“This is a safe bio-material that reputable, ethical, board certified plastic surgeons are placing into individuals who want a well performed operation. Every scientific study that’s done by Mayo, by Harvard, by the plaintiff’s attorney own judge shows it’s a safe implant.”
– Dr. Franklin Rose

“I think that the science on the implants has been so discouraged from actually being undertaken in a coherent and realistic fashion that we really don’t know much about these advices at all.”
–Dr. Michael Harbut

“There were only about seven studies done on women prior to 1999. Virtually all of them were funded by Dow Corning, as is the Mayo Clinic study and the Harvard study, funded by Dow Corning. Generously funded, I might add. Those studies and other studies done by Dow Corning have certain fundamental scientific flaws. They look at small numbers of women, who’ve had breast implants for short periods of time…’

–Diana Zuckerman,
National Research Center for Women & Families

  Is there a debate?
What is the debate?

ABSOLUTELY SAFE raises questions about the quality of safety data that has been gathered on breast implants. The Food and Drug Administration, the Institute of Medicine (IOM), implant manufacturers, and the vast majority of plastic surgeons believe that the data collected in numerous studies on breast implants does not prove a link between implants and systemic illness. However, some health experts believe that studies conducted by manufacturers and used by the FDA are severely flawed and misleading.

The data debate is complex and involves disputes over multiple variables of research. Here are some essential questions to consider when reviewing breast implant safety studies:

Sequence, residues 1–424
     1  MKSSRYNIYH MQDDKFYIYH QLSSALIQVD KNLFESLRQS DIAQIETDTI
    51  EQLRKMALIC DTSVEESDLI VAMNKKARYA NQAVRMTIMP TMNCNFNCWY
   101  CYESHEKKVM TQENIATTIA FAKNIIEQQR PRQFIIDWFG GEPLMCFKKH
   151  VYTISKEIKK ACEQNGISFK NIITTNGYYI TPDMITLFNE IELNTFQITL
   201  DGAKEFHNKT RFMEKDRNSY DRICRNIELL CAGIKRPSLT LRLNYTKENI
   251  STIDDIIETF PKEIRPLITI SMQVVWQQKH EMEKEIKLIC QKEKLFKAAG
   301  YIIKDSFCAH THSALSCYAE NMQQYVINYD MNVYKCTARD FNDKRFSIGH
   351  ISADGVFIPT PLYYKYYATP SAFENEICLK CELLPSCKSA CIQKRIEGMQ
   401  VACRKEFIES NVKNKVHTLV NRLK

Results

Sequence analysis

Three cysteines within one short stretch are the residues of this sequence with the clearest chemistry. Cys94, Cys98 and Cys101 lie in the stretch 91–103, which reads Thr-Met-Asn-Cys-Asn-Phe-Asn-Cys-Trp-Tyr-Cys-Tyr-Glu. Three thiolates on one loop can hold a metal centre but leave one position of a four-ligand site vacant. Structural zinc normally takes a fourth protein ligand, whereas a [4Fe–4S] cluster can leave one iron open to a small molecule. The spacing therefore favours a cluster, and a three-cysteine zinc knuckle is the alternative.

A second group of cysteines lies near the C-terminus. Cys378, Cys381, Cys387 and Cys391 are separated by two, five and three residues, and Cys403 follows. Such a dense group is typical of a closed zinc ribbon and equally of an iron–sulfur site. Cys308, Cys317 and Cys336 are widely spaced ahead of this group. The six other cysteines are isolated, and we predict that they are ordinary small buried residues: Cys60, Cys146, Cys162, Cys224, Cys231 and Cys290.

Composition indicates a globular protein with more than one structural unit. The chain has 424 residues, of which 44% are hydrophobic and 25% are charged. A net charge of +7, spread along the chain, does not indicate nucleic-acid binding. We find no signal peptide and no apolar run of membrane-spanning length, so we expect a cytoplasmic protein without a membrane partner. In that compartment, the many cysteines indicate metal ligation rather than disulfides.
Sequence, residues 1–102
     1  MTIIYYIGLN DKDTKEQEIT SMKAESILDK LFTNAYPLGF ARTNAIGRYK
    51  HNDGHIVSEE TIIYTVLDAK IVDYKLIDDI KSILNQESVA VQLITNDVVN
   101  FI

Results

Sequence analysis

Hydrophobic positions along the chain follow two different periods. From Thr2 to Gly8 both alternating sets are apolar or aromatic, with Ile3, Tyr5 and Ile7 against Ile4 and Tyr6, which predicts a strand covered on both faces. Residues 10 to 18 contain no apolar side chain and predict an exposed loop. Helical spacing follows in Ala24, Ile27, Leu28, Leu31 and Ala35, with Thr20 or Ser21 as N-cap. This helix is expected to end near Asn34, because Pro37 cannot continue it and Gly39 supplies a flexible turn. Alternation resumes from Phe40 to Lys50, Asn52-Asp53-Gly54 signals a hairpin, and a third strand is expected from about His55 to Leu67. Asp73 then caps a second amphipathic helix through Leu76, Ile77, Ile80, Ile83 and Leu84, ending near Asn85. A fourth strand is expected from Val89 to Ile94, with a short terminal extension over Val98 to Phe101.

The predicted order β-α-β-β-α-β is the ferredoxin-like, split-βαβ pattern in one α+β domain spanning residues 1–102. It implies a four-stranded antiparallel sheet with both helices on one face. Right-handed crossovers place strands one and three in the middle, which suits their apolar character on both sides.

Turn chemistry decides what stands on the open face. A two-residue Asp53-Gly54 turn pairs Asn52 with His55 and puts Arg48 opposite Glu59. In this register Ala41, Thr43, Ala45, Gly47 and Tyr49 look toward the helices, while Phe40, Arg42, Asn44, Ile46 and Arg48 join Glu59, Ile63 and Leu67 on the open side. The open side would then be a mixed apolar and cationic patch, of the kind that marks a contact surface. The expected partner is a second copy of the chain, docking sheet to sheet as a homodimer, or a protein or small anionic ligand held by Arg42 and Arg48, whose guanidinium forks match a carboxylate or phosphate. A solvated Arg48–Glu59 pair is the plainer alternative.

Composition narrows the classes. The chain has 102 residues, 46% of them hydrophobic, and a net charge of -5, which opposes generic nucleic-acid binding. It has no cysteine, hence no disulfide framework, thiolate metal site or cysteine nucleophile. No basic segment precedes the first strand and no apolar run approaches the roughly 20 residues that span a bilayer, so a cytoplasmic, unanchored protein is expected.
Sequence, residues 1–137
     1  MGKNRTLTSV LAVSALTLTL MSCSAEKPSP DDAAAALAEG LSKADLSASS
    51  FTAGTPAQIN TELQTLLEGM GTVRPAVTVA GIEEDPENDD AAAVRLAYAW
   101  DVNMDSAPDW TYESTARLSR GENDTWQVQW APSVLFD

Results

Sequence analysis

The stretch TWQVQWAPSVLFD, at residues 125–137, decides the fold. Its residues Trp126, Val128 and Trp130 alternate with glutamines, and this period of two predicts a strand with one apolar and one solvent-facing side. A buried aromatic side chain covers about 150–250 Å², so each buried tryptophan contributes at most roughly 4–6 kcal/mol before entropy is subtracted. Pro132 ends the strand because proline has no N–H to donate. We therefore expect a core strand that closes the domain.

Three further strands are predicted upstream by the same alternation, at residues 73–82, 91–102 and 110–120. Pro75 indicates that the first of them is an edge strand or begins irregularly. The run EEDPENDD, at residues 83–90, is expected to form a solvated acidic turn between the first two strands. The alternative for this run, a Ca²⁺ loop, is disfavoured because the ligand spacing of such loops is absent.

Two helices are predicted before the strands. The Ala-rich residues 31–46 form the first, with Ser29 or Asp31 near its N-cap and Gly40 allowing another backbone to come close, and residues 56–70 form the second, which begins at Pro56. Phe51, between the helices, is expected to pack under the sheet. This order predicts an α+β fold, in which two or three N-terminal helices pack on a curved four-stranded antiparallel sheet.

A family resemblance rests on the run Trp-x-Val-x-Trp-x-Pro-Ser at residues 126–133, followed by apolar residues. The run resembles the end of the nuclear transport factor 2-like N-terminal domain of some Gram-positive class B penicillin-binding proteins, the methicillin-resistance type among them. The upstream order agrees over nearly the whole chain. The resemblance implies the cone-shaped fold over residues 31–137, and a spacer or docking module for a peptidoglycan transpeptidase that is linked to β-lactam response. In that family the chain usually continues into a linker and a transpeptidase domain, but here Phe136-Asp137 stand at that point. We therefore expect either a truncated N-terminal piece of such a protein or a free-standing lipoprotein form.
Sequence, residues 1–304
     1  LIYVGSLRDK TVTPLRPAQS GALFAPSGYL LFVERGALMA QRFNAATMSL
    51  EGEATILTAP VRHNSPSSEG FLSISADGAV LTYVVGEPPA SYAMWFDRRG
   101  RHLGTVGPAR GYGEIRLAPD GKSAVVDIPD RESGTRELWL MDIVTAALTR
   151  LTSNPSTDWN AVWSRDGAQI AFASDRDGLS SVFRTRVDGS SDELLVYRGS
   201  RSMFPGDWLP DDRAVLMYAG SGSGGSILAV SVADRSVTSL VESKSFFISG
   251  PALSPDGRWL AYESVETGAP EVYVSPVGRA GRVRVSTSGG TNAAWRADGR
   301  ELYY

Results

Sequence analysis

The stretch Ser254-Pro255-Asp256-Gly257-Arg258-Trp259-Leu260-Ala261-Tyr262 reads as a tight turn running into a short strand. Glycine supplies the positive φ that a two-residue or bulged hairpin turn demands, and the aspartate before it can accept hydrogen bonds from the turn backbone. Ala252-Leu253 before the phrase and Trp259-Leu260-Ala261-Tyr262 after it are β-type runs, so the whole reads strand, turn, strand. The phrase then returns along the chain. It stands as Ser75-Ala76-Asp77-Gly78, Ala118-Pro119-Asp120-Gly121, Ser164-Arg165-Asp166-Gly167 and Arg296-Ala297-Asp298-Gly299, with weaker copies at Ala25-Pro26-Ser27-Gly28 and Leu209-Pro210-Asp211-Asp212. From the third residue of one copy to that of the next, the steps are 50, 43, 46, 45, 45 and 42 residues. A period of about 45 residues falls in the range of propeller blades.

• Who paid for the studies on breast implants?

• Can breast implant manufacturers bring an objective eye to their studies?

• How long were the women in the studies followed?

• Why have no long-term studies, following women who’ve had breast implants for at
  least 8 years, ever been conducted?

• How many women were included in the studies done by manufactuerers?

• Why were women who removed their implants dropped from many studies?

• Why have few studies on breastfeeding women with breast implants and their
  babies ever been conducted?

• Why have so few breast cancer patients been included in the manufacturers’

• Are studies that are based on self-reporting accurate?

• Does a study that does not distinguish among different types and brands of implants   have merit?

Short-Term vs. Long Term Research

One of the most important variables that affects breast implant safety data is TIME: How long has a woman in a study had her breast implants? For how long has this woman been studied?

According to the IOM, the risks of local complications such as capsular contracture, breast pain, rupture, and deflation “accumulate over the lifetime of the implant.” The FDA has a comprehensive list of these complications.

Therefore, the number of years an implant has been in a woman’s body is of utmost significance when analyzing risk, especially rupture rate. Studies should cover long periods of time because the chance of breast implant rupture increases with each year the implant has been in the body, and some believe that the chance of illness may increase with rupture.

However, over the years, manufacturers have presented short-term research to the FDA to gain approval of both saline and silicone breast implants. Typically, these studies have only followed women who have had implants for 3 to 4 years.

Given that often it takes several years for the adverse effects of implants to develop, a study that only follows women for 4 years, rather than 10 to 15 years, will draw more favorable conclusions about safety—less time means fewer complications, lower rupture rates, and less potential for illness.

Critics of the manufacturers’ data presented to the FDA to gain approval maintain that the current short-term research is misleading and incomplete. Rather, they say, long-term research, research that follows women who have had breast implants for longer periods of time, is essential in evaluating breast implant safety.